Monday’s Column: Neal at the Cross

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Neal Pollard

There was a problem with the shepherds of Ezekiel’s day. They tended to their own needs, but not the flock’s (34:2-3). There were tangible needs and problems, but these shepherds sinned by omission (34:4). The sheep were scattered and these shepherds did not work to get them back or save them from predators (34:5-6). Then, God through Ezekiel utters these harrowing words: “Behold, I am against the shepherds, and I will demand My sheep from them and make them cease from feeding sheep” (34:10). 

In the New Testament, Paul tells the elders of the church at Ephesus to “be on guard for yourselves and for all the flock, among which the Holy Spirit has made you overseers, to shepherd the church of God which He purchased with His own blood” (Acts 20:28). Guard the flock, watch over the flock, and shepherd the flock. What a weighty work! To be on guard means “to be in a continuous state of readiness to learn of any future danger, need, or error, and to respond appropriately” (Louw-Nida 332). An overseer has the responsibility of seeing to the spiritual safety and proper conduct first of themselves but also of those they watch over (Arndt 379). The idea of shepherding indicates care, concern, love, provision, relationship and intimacy, knowledge, and familiarity (see Kittel et al 902ff). These lexicographers who define what Bible words mean give insight into what elders are to be like as they do this crucial work. Isn’t it incredible and encouraging to see spiritual, albeit inevitably imperfect, men who “aspire to the office of overseer” (1 Tim. 3:1)?

Yesterday is a day I’ll never forget. We tagged along with three elders and their wives as they went around to 26 houses of members of our congregation. Exercising due caution under the current medical crisis, they nonetheless drove to see members young, old, and in-between. They visited with, sang to, and prayed for so many face to face, delivering Dana’s delicious baked goods. Seeing their enthusiasm to do this and watching the genuine joy on their faces as they served and ministered was a blessing that will stoke my spiritual fire for a long time to come.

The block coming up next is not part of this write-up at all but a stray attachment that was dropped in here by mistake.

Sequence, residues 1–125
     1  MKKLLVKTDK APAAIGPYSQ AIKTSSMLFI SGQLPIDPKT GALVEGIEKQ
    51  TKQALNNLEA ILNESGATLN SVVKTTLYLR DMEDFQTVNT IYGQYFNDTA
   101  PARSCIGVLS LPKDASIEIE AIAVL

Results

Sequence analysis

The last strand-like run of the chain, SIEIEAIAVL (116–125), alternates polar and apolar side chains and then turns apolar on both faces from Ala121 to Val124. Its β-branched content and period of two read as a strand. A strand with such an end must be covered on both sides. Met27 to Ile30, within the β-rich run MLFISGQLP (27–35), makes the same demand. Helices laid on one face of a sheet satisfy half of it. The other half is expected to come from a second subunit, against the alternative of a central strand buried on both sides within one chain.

But, that’s just what I got to see. I’m not seeing the other times they’ve done this. I’m not there as they’re making so many phone calls to everyone. Over the weekend, they met together for several hours to strategize about a reopening and communication plan not just to get back to “normal” but to thrive and grow as we go into the future. Another of the elders has since spent hours piecing together that plan to provide clear communication to the church. 

All of them work full-time jobs and are hard workers. All of them have families to love and care for. All of them have hobbies and interests. But, all of them have Christ in the center of their hearts and lives. That last fact is what drives them to know about, care about, and reach out to the sheep. 

Thank God for the many churches who are being shepherded through unprecedented times like these by engaged, concerned, and involved shepherds. Church growth, doctrinal soundness, examples of Christ-centered living, and so much more depend on elders who shepherd. Will you take the names of your shepherds to the throne of God each day, imitate their faith, and assist them in their work? They are a vital part of God’s plan to touch and transform eternity! 

elders
Only ten in this group picture!